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VOA White House reporter reassigned after asking Pompeo about Capitol aftermath

This is a bad signal to send to the rest of the world about how to treat a free press.

A sign at the entrance of the Voice of America building in Washington, DC.
Jonathan Newton/Washington Post via Getty Images

Voice of America’s senior White House correspondent was demoted on Monday evening just hours after asking Secretary of State Mike Pompeo questions he refused to answer, demonstrating that even US government-funded journalists face retaliation for confronting top Trump administration officials.

On Monday, Secretary of State Mike Pompeo gave a speech at VOA, lambasting the US government-run media outlet for its unwillingness to uncritically promote the administration’s line around the world. Afterward, VOA director Robert Reilly engaged Pompeo in a question-and-answer session filled with softballs, only to let the Cabinet member leave without facing any hard-hitting queries from the outlet’s reporters in the audience.

Unhappy with what transpired, VOA’s White House senior correspondent Patsy Widakuswara — who was in the audience — pursued Pompeo as he left VOA’s building in downtown Washington, DC. She asked what he planned to do to improve America’s reputation around the world and if he regretted saying in November that the presidential transition would proceed smoothly into a second term for President Donald Trump. Pompeo ignored her questions and left.

Widakuswara, who has worked as a journalist for more than 25 years, then turned around to find Reilly and confronted him on how the session had gone. According to sources familiar with what transpired, she asked Reilly why he didn’t ask Pompeo any of the questions that VOA journalists had submitted beforehand. After asking who she was, he then said, “You don’t know how to behave.” He then said Widakuswara was “not authorized” to ask questions and that she was “out of order.”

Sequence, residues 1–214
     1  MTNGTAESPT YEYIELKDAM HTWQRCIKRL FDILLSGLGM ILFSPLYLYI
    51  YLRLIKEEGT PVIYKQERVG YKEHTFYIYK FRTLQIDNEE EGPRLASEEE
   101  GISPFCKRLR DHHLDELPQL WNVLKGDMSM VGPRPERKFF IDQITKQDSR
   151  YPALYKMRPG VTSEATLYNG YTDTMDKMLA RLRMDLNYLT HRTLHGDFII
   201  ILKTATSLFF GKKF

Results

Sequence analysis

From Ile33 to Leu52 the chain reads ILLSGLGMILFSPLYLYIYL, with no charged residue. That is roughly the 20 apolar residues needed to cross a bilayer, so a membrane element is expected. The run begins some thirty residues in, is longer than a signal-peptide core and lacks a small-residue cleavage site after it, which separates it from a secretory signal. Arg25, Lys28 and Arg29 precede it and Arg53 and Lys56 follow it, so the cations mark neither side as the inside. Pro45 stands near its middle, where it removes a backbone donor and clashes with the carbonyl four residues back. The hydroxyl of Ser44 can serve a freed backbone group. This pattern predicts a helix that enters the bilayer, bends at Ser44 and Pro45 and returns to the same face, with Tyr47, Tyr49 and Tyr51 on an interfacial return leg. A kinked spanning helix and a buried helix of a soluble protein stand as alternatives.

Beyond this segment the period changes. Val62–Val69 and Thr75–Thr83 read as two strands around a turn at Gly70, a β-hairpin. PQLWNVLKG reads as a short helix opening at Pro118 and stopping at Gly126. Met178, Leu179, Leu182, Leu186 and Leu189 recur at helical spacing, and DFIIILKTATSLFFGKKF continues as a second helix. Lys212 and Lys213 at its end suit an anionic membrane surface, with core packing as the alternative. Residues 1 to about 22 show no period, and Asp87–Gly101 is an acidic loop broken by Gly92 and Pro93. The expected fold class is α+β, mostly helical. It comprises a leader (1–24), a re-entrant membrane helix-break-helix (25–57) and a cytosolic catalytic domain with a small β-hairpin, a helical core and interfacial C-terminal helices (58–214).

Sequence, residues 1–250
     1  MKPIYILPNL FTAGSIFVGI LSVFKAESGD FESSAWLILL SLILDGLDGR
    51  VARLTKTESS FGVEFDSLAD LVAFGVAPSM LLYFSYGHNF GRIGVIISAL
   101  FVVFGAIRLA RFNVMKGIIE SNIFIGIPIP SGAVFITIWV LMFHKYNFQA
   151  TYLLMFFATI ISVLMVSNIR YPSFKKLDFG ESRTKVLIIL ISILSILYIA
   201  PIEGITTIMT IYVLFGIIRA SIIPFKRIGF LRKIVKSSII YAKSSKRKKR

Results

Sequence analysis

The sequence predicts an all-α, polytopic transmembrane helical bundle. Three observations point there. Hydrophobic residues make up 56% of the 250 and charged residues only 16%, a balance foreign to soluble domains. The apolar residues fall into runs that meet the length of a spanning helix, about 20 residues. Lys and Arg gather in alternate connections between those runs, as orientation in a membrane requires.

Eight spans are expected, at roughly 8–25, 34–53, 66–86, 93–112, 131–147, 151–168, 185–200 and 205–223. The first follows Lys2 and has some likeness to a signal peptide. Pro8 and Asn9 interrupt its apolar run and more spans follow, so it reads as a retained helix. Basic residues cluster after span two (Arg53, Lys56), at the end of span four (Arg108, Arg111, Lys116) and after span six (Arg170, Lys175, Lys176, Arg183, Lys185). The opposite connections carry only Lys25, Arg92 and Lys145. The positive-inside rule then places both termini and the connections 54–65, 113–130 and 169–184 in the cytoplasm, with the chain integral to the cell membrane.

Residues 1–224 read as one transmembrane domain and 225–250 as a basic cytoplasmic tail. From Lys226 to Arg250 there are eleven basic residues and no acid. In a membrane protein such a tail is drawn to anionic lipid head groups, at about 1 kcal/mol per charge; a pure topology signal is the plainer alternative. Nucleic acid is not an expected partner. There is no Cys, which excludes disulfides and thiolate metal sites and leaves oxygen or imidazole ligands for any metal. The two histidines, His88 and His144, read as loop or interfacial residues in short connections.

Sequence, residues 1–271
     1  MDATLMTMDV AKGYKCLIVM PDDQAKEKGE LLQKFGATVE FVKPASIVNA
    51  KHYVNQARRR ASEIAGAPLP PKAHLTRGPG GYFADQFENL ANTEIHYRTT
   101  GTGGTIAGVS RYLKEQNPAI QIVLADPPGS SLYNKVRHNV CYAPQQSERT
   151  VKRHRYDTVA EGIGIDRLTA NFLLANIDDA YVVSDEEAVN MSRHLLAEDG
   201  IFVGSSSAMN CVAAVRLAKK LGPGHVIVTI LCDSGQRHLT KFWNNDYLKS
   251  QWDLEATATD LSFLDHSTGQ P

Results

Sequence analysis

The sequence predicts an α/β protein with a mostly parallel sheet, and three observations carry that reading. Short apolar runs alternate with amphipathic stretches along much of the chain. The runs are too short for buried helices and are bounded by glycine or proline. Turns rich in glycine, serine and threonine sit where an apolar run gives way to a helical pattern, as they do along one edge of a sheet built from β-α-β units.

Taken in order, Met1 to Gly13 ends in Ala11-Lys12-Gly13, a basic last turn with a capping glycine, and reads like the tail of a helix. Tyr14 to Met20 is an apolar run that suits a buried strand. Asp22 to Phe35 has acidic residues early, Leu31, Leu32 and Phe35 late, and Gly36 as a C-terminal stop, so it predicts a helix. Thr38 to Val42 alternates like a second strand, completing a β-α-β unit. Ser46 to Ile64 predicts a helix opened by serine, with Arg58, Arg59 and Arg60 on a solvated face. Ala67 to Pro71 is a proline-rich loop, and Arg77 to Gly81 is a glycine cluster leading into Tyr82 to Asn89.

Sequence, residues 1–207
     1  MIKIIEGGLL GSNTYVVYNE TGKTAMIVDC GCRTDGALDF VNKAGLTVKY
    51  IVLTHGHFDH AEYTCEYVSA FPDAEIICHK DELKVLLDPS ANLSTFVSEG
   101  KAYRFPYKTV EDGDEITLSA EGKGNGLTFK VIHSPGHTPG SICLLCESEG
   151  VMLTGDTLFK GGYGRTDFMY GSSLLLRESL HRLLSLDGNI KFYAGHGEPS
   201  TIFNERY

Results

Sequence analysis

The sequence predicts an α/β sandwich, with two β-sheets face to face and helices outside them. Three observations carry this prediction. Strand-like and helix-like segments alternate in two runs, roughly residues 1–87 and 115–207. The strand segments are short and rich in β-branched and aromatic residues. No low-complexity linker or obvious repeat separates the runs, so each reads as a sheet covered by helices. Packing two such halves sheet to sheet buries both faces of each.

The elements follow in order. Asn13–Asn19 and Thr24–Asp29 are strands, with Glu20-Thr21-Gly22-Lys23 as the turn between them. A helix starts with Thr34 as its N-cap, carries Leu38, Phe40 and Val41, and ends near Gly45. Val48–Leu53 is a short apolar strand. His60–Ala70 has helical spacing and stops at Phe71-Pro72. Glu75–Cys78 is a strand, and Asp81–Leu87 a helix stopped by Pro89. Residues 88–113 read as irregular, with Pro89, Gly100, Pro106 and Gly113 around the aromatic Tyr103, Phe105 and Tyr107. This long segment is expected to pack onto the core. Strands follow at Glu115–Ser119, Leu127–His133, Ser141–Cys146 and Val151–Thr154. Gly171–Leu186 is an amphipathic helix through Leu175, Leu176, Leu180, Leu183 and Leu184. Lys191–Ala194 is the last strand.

“Reilly was visibly perturbed” by Widakuswara’s confrontation, a VOA source told me, speaking on condition of anonymity to avoid retaliation.

Elizabeth Robbins, VOA’s deputy director, was alongside Reilly during the confrontation. Late Monday evening, Widakuswara received a message from one of her bosses saying the reporter would no longer be the outlet’s senior White House correspondent, and would instead be reassigned as a general assignment journalist. The order for the reassignment, per multiple sources, came from Robbins.

Some sources believe that Robbins, who joined VOA from the State Department in December, is fiercely loyal to Pompeo. Robbins didn’t immediately respond to a request for comment. A VOA spokesperson told me “The Voice of America does not comment on internal personnel matters.”

Widakuswara’s reassignment was unfortunate timing, as she was scheduled to be the radio pool reporter for the Washington press corps aboard Air Force One on Tuesday during President Donald Trump’s trip to Alamo, Texas. Widakuswara was told she couldn’t fulfill that duty.

One VOA source said the outlet’s workers, including some in management, are “incensed” by what has transpired. “Being taken off the White House beat, this immediately smacks of political retaliation,” that person said.

Regardless of the reason, few I spoke with believe one of VOA’s top reporters should be removed from her prominent posting mainly for questioning Pompeo when given the chance. “Patsy was there representing all of us, every VOA journalist trying to question the secretary,” the same source said.

Widakuswara declined to comment.

America’s democracy is reeling. This incident won’t help it.

Widakuswara’s reassignment, first reported by Vox on Monday night, comes at an inopportune time for Pompeo.

The secretary is scheduled to speak at the National Press Club on Tuesday morning, during which he’s expected to accuse of Iran of having close ties to al-Qaeda. After the Widakuswara incident, the location of the event is awkward for the secretary, since it’s a professional and social club for journalists.

It also comes less than a week after an insurrection at the Capitol, incited by Trump, has left many in the US and around the world questioning the state of American democracy. Pompeo’s unwillingness to take tough questions doesn’t help that cause, as one way the US signals the health of its political system is by leaders handling queries when posed to them.

Zeke Miller, the president of the White House Correspondents’ Association, called what happened “an assault on the First Amendment” in a Tuesday statement.

Finally, it’s not a great sign of how the Trump administration has run the US Agency for Global Media, VOA’s parent organization. Ever since a Trump and Steve Bannon ally took over last year, the agency has sought to purge those who don’t toe the administration’s line. That effort has eroded the decades-long tradition of keeping politics out of the way VOA and its sister outlets like Radio Free Europe operate.

It’s a sad state of affairs. And instead of leaders like Pompeo paying the price, it’s the journalists asking him to answer for his mistakes who get reprimanded.